In order to conduct this research, Lee (2002) collected data from seven students who were involved in the Alliance. Data was collected through individual as well as focused group interviews, grade records, observation as well as the transcripts of media and news reports. This method of data collection is typical and most useful for qualitative studies as it helps in generating wide details. Lee’s (2002) approach to collect focus group interviews was detailed, relevant and time saving as all the members had a common ground to respond. Although Lee (2002) used a structured format for individual interviews, using different probes helped her get in depth knowledge about the areas of concern. Conducting a group interview with seven participants was the right strategy as the researcher was able to obtain collective as well as unique responses about the experience faced by each member in the alliance. Moreover, the researcher also kept logs and noted down her feelings thereby playing the role of a participant as observer. She incorporated the data collection tool of observation efficiently by minimizing the biasness. This was evident from her observation of Kelly’s speech in which she observed her experience of being harassed throughout her school years which was in connection to her interview response of deciding to join college because of the positive impact created by the Alliance (Lee C, 2002). By having another person record the responses, Lee (2002) reduced the biasness of the study and increased the interaction between the participants.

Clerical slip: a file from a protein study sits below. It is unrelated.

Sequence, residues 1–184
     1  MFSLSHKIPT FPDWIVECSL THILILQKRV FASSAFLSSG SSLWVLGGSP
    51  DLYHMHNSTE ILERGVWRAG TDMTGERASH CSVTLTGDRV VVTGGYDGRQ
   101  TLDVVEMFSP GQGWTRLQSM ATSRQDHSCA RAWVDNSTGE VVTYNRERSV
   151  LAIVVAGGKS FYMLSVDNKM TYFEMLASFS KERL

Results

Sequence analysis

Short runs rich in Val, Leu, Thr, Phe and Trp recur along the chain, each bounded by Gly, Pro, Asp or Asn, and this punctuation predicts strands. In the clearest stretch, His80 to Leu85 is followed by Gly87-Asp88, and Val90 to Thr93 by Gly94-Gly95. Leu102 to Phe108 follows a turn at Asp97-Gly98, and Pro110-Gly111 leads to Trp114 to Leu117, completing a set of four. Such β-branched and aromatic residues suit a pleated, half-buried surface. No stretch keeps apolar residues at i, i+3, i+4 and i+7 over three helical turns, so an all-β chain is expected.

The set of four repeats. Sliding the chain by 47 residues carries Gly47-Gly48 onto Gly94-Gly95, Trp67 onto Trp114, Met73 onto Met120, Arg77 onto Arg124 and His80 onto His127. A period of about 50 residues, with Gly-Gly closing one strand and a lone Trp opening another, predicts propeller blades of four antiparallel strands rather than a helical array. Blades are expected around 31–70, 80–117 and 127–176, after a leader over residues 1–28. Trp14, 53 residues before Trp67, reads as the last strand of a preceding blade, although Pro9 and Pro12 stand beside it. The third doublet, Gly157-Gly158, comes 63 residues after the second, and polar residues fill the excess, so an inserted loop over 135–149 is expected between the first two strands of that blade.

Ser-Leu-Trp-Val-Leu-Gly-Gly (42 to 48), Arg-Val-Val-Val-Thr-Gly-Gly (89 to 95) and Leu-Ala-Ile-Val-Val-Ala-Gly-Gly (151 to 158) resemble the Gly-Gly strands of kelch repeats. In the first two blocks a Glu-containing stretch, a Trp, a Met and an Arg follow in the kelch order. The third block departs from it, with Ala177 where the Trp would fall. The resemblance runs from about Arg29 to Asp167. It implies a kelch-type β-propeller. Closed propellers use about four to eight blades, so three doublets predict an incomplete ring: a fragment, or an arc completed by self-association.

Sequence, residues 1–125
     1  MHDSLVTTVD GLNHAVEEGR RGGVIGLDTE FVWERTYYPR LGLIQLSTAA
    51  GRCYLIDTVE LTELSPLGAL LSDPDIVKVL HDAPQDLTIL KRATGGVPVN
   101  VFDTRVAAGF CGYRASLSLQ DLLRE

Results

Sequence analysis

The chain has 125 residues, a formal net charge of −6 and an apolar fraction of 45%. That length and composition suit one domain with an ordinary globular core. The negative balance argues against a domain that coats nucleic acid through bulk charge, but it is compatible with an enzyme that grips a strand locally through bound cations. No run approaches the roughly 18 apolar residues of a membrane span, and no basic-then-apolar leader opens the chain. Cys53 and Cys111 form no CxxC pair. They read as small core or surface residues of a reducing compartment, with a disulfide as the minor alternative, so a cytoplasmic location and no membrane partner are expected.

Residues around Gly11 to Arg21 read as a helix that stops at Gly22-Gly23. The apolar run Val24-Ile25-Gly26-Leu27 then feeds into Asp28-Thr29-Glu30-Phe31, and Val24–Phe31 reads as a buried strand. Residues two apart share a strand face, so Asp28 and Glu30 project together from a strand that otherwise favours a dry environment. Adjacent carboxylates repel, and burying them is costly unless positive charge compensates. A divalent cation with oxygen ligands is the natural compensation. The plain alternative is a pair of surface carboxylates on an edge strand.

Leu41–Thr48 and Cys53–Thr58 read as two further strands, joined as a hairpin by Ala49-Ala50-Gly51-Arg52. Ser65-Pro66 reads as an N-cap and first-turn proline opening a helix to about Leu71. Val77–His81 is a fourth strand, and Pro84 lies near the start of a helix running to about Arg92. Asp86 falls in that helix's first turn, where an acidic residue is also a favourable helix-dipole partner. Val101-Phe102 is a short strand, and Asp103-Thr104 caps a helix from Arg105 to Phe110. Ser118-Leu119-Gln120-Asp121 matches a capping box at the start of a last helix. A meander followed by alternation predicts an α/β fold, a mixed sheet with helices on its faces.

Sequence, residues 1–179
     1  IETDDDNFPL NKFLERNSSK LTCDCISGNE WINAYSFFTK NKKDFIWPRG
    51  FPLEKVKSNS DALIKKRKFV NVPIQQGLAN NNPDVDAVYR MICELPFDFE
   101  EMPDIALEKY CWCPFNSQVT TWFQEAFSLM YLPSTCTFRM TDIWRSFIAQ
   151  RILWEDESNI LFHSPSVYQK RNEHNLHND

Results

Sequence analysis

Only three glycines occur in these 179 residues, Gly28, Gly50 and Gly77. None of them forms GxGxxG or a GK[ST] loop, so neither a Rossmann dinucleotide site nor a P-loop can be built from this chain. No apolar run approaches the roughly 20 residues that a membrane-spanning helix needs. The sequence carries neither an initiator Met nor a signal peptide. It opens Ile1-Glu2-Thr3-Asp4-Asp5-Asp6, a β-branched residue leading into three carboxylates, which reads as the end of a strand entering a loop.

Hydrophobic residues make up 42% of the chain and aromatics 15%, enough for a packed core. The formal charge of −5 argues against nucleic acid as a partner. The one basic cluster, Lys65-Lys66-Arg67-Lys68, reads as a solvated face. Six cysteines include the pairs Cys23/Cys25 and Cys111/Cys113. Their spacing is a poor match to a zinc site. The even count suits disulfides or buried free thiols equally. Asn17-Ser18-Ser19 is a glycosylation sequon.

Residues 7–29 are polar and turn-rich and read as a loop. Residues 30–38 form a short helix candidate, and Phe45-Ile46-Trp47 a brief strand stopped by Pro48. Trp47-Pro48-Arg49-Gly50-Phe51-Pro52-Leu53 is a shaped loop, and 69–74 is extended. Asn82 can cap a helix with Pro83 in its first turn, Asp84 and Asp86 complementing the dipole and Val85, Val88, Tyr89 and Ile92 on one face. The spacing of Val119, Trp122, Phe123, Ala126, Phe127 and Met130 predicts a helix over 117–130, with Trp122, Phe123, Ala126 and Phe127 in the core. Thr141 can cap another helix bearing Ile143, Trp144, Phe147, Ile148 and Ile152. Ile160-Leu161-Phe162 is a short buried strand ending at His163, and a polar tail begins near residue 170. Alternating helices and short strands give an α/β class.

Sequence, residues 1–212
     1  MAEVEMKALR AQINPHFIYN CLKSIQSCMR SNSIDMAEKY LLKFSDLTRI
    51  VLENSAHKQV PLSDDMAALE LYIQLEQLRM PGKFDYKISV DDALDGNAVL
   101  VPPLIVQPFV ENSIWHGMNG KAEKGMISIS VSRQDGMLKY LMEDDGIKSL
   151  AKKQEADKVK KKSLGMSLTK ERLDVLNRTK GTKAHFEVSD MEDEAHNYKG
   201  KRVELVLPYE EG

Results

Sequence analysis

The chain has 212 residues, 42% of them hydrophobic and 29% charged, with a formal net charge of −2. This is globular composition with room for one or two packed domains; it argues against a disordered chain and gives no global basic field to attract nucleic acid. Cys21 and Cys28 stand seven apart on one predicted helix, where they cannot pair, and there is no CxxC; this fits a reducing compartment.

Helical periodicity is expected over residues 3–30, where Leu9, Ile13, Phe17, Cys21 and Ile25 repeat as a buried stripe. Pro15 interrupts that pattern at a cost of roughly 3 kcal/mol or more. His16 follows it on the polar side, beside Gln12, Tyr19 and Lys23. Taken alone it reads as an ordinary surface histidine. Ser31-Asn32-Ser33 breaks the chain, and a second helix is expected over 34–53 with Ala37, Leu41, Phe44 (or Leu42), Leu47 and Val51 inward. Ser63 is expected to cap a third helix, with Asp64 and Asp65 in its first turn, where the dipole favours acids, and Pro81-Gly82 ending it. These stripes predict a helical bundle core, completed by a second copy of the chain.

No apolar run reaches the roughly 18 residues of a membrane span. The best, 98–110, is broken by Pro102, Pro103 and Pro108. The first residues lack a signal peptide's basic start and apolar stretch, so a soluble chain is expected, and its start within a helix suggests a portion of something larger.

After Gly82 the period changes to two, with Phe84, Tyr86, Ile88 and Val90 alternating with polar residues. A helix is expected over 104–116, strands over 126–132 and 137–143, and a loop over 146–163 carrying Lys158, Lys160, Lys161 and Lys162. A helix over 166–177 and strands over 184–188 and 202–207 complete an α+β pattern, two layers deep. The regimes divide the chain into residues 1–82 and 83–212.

What type of sampling did Lee use to select her participants? Explain why this type of sampling is appropriate in qualitative research.
The method of homogenous purposive sampling was used to collect the data for the study. This sampling technique is adopted in order to obtain rich information from a small sample size to gather detailed information to answer the research questions. This is done by focusing upon the key informants; the seven participants who have been highly involved in the Alliance since the time of its formation. In other words, using purposive sample enabled Lee (2002) to collect in-depth and accurate information to generate results about their academic performance, satisfaction, change and other concerned variables in relation to their involvement with the Alliance.